One thing is for sure: with graduation and convocation this little journey is winding down, and so is this blog. It’s never been the busiest of blogs, but I think it said what needed to be said – when it needed to be said. 

So what’s next? We’re moving. The idea was born about a year ago and has been growing ever since, and frankly I can’t think of a better way to celebrate a graduation than with a truly fresh start. The process and the result will be the subject of my next blog.

I do hope you’ll tag along. 

Convocation

Lo, but the big day fast approacheth. 

Convocation. 

Of course, I applied for graduation in December as required, and got myself into the system. Since then I’ve been getting little reminders on this and that and I’ve been quietly paying attention. But schoolwork first, and my primary focus has certainly been there. 

But today, even as I was starting to finalize my last ever paper, my mind started to bend toward graduation. 

I’ve finally made up my mind to take part in the ceremony. This is big. After my first degree in 1990 I was so tired, so utterly, wretchedly, tired in so many different areas of my life that I did not take part – I just picked up my silly piece of paper, handed my silly photos to my Mom with an injunction never to show them to me again, and rode off into the sunset. 

This time though, I think I owe it to myself to attend, and I’m going for it. 

So I’ve ordered and paid for my cap and gown, I’ve gone over the checklist, and on Monday before class I’ll stop by the Faculty office to make sure I’m still on target.

I don’t know who’s going to join me since for my family attendance does involve some sacrifices, but let’s face it I’m not some dewey-eyed 23 year old just setting out in the world. Still, I’m going to invest in it for my own sake at least.

It’s been a tough slog for many different reasons, but now the end is most definitely in sight. 

I can’t deny it, it’s exciting.

History

I just finished my history paper. It was only ten pages in length, but I think it was the most difficult paper I’ve ever had to write. Why is this, you ask? Let me tell you, I answer.

They scare the bejeebers out of you about plagiarism. I’ve never plagiarized or cheated in my life, and the thought wouldn’t even occur to me, but the literature basically says you have to reference every idea that is not your own, or face the wrath of the judiciary! Well, kick me and call me a cowboy, but is there any such thing as a unique idea in a history paper? Surely everything we learn came from someone else!

Sigh. 

Not. Allowed. To. Use. The. Textbooks. 

For some reason the $60 text books are not good enough to be used as sources for this paper. I have no objection to doing research, but the text book should at least be a starting point. The reason given is that they are not peer-reviewed and footnoted, but does that make them inaccurate?

Sigh. 

I had a really hard time organizing my thoughts on this one, and not repeating myself. This is a big deal. Usually I can set paragraphs and talk up a storm, but this time it was hard to organize. Even as I’m writing this I’m trying to figure out why this is and I think because it’s history, and the salient points are relevant in all different directions. Something like this… ‘The decree of 1832 was an influencing factor in the dictum of 1874, and caused Sir Bolt to react as a total loonie against the Foofar tribe of Borneo whose primary modus operandum was the feeding of their families and the pursuit of the Decree of 1832.” You get the picture – it works in all different directions and my poor brain had a hard time, this time, compartmentalizing it. Believe me, I can’t wait for the next paper – it’s a simple, supported opinion piece.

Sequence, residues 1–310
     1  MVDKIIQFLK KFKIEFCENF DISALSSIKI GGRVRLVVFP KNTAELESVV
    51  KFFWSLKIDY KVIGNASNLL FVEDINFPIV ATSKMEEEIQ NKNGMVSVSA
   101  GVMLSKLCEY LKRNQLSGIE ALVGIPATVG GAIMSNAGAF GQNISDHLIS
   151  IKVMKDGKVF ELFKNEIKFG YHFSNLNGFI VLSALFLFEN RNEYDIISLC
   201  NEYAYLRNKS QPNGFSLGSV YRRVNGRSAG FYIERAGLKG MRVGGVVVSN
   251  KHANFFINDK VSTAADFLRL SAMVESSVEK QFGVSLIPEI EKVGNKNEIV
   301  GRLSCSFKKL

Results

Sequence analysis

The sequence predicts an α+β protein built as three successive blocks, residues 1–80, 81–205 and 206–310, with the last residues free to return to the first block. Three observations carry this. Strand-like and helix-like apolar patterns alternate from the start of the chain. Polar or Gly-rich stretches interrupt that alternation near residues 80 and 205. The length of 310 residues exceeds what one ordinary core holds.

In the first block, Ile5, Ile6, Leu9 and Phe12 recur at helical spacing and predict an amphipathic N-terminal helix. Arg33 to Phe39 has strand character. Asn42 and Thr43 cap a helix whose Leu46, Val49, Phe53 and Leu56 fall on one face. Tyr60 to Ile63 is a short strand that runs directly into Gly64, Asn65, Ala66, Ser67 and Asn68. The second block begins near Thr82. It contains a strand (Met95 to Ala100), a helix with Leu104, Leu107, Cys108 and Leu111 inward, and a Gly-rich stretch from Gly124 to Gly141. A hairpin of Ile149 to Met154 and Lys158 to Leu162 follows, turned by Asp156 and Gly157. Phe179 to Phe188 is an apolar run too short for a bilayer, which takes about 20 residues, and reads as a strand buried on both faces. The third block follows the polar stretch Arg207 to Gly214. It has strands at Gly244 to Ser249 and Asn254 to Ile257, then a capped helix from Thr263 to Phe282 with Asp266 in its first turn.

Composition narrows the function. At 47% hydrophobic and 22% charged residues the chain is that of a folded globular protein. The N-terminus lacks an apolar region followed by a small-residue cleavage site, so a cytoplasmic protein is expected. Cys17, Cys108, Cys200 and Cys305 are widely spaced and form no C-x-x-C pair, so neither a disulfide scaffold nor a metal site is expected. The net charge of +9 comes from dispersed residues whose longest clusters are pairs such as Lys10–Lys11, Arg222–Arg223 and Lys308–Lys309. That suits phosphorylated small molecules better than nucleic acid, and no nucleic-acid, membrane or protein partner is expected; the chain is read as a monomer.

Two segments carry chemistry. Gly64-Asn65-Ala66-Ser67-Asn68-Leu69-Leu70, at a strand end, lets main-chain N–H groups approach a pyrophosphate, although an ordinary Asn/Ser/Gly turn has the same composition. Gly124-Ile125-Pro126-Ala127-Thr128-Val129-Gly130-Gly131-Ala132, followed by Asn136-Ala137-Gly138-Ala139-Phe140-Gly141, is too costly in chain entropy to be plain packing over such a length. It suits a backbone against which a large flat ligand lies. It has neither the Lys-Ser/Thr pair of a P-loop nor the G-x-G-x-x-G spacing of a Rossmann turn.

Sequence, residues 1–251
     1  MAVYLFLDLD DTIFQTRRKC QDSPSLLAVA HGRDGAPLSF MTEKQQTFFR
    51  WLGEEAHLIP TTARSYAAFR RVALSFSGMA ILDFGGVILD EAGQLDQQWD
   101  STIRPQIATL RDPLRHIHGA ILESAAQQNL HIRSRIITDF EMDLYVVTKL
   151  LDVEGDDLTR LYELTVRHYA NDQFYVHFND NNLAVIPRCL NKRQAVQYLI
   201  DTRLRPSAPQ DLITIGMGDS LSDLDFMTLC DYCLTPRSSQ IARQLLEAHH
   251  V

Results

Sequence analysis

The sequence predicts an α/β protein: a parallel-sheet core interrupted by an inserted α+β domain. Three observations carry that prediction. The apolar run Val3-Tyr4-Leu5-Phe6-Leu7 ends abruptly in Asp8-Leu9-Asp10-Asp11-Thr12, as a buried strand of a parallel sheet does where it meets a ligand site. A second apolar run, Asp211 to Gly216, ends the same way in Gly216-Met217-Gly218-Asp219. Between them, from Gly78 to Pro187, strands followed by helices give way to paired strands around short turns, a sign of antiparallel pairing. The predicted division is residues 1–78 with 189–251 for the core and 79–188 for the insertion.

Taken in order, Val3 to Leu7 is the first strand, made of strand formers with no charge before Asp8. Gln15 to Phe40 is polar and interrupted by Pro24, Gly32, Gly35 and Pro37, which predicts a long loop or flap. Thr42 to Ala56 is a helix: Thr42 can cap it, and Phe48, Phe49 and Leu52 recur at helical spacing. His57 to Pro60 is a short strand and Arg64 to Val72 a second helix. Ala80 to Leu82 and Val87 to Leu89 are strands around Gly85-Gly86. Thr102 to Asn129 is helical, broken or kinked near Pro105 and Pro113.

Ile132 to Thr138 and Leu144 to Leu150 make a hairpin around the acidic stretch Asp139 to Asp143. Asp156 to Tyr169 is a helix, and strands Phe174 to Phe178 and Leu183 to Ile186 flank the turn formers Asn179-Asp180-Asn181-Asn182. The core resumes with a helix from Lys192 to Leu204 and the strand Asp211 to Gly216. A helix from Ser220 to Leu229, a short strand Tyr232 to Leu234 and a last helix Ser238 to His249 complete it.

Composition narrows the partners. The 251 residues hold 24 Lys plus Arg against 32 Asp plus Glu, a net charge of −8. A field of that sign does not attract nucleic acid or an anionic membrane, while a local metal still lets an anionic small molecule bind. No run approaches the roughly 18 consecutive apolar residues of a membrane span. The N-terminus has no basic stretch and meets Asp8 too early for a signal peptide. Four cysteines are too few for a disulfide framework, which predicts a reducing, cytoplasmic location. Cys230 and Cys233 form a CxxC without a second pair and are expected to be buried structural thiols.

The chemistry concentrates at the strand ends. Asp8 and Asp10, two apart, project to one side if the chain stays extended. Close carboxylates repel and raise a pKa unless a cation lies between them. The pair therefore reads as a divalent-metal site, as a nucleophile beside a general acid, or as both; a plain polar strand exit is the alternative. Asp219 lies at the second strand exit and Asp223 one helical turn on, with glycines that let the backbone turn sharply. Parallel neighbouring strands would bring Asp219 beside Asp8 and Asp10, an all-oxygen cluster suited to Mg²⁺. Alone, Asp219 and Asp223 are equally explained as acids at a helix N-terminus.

Sigh.

Chicago style citations. Citations in general drive me crazy, although I do understand their purpose, but most of my degree program has required APA style, so to suddenly throw Chicago at me now I consider a definite hardship. I don’t mind using footnotes – in fact I think they’re pretty cool – but the other stuff is just meshuga. 

Sigh.

Oh, and I had a nasty cold.

Speaking of the next papers – there are two of them due next Tuesday. Each has its challenges, but I’m sure that neither one will vex me like the history paper did. 

It occurred to me today that it’s November the 13th. That means that as of tomorrow there are precisely three weeks left in this semester. Man, how the time flies!

Here’s a picture. Sorry, I couldn’t afford a proper frame. I’m just a struggling student. 

Quiet Study Area

 

 

Fascination

Alright, it’s a beautiful day, so here’s what I’m going to do. I’m going to get a coffee, pull the patio table out, haul my books outside with me and park my ass under the sun. I’m going to get some of my reading done. 

I’m bright and alert, vibrant and keen, so why not? I’m focused – sharp and adept. I’m thinking diligently only of my schoolwork and future successes, of the grades I need to be able to go to an ice cream store and buy one of those sweet, delicious peanut treats with all that wonderful caramel sauce and – 

I’m focused and keen, deliberate and firm of purpose. I think only of my books and my processes, never of those really weird-looking clouds floating by, or of the people talking really quite noisily (rudely so!) while walking along the sidewalk in front of the house. What business is it of mine if the neighbourhood crows want to fight with the magpies? Why should I care if the ants on the ground are making their way closer to me with every passing minute, or if that really attentive bee wants for some reason to settle on my head? Why should it upset me that that stupid helicopter keeps flying overhead – over and over and over again!